The opening of the New Harbour was one of the factors that led to the ‘perlemoen boom’ that lasted about 20 years. Between 1950 and 1970, Hermanus saw a development that brought a variety of different people into the town and kept the New Harbour busy for the duration. But it also pointed the way to several developments in the 21st century, writes ROBIN LEE of the Hermanus History Society.
At about the same time that the New Harbourcame into operation in 1952, over-fishing by boats and trawlers from outside our area drastically reduced the catches of fish. The trawlers removed hundreds of tons of silver fish (called ‘doppies’ by the fishermen) which were the food source for larger fish which obviously then left the area.
In the 1950s and 1960s an alternative catch was found – perlemoen or abalone, as the rest of the world knows it. Perlemoen had long been part of the local diet and, though there are no records to prove this, a small quantity may have been transported inland and sold to farmers.
However, all that changed when Brian McFarlane Snr devised a method of cooking and canning the flesh and found markets in the Far East, especially Hong Kong. He opened the first abalone processing factory in 1956 and bought most of the harvest for export.
During this period several million individual perlemoen were harvested ‘by hand’, with the New Harbour used as the base for the numerous boats that carried divers to the kelp beds where the perlemoen were to be found. Suddenly a subsistence or leisure activity in Hermanus became big business and the news spread, attracting young men from all corners of the world. Many of them had been divers in the Royal Navy during World War II and made their way to Hermanus, seeking to make quick money.
Gertrude Grant, a longstanding resident of Hermanus whose husband, Alexander (Sandy) Grant established the first pharmacy in the town (still trading as Alex. Grant Pharmacy), knew many of the divers by name – Jacob and Martin Nielsen (Denmark); Nicolas Dekker (Netherlands); Stan McCrae; Arthur Major; Denis Barti-Roberts; Bob Smith; Dev Tucker; John Carstens; John Mead (all UK); Jim Christie-Smith; Peter, Billy and Reggie Dodds; Charl (Bokka) du Plessis; Matt Hale; Roy McGregor; Gerrie Lotter; Denis Pretorius; Koos Wilkinson; Murchen Arendse; Dave Elliot; Peter Mason.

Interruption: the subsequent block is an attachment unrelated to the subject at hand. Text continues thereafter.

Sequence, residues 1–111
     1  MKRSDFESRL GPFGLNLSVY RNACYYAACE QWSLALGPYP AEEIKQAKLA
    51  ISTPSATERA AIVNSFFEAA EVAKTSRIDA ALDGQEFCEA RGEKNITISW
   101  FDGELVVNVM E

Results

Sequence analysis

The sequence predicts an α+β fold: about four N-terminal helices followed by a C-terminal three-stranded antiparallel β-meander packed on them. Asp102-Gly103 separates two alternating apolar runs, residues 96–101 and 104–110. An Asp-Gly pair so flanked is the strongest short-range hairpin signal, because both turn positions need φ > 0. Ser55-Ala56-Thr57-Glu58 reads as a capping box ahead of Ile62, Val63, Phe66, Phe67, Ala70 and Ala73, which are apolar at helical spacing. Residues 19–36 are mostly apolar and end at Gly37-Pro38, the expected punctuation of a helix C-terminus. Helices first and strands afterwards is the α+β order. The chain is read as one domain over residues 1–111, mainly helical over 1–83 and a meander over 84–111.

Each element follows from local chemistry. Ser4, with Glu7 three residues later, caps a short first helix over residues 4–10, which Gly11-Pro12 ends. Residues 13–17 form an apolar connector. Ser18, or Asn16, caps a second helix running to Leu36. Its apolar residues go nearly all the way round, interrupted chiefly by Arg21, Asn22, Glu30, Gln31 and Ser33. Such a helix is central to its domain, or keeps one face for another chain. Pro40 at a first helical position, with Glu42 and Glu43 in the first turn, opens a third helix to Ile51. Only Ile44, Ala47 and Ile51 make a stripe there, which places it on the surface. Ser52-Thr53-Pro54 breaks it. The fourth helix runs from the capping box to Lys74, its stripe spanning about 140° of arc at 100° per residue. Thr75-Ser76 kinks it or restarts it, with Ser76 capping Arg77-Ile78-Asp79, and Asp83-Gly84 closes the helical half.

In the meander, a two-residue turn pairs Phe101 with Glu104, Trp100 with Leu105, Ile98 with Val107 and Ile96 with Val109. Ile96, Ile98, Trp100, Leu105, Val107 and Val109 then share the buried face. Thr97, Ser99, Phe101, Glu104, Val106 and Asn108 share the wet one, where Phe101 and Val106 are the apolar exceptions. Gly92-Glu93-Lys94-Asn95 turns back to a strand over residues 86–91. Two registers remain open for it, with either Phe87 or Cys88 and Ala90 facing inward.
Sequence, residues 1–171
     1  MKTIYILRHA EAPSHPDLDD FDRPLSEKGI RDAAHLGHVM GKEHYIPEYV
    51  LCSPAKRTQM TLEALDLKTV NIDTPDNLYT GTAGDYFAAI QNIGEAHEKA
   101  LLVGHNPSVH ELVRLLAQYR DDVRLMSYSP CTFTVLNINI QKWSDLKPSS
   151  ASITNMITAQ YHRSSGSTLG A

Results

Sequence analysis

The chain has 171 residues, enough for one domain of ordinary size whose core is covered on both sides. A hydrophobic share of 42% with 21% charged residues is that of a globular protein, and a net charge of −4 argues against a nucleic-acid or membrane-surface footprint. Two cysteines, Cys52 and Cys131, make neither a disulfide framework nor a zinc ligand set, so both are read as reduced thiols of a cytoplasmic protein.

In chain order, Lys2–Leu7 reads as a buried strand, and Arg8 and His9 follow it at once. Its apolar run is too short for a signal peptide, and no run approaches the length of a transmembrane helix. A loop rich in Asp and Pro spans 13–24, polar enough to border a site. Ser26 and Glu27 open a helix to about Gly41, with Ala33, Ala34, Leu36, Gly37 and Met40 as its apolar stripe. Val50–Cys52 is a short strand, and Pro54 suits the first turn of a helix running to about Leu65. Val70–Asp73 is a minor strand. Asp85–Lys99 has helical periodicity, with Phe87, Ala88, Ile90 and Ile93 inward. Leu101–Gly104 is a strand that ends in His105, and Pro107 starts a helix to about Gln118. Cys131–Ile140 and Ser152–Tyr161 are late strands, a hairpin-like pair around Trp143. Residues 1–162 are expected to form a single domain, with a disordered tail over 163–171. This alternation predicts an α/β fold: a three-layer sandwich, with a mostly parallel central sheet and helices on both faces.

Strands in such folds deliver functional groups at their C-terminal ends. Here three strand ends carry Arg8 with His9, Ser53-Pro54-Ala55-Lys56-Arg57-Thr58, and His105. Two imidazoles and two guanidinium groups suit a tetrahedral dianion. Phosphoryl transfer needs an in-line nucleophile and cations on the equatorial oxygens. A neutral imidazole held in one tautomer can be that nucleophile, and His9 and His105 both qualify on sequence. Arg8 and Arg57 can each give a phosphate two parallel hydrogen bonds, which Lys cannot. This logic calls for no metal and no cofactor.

Several of the divers left accounts of their lives here; others are still living in the area and I was able to interview them. We can reconstruct their lives quite accurately. At first, these young adventurers ‘skin-dived’ – that is, they had no breathing equipment, not even a snorkel. Nicolas Dekker describes how they did it:
We had no diving suits, in 1952 these things were unknown in South Africa and the water temperature was 12 centigrade… To harvest the perlemoen we had blown up car tubes to which were fixed circular nets that could hold about 80 shellfish. The perlemoen grow on the rocky bottom between the kelp stalks from six to twelve metres deep. You take a few deep breaths, put your head down and your legs up and down you go. Then with a big screwdriver you lever off a perlemoen and swim up to put it in the net that you’ve tied to a kelp stalk.
The water felt very cold. None of us were fat blokes and none of us could stay out longer than an hour. We swam back to shore leaning on our tubes to get our torsos out of the water and into the sun. When we came out we lit our already prepared fire and stood around it to warm up… and a quarter of an hour later we had recuperated enough energy to go and count our perlemoen.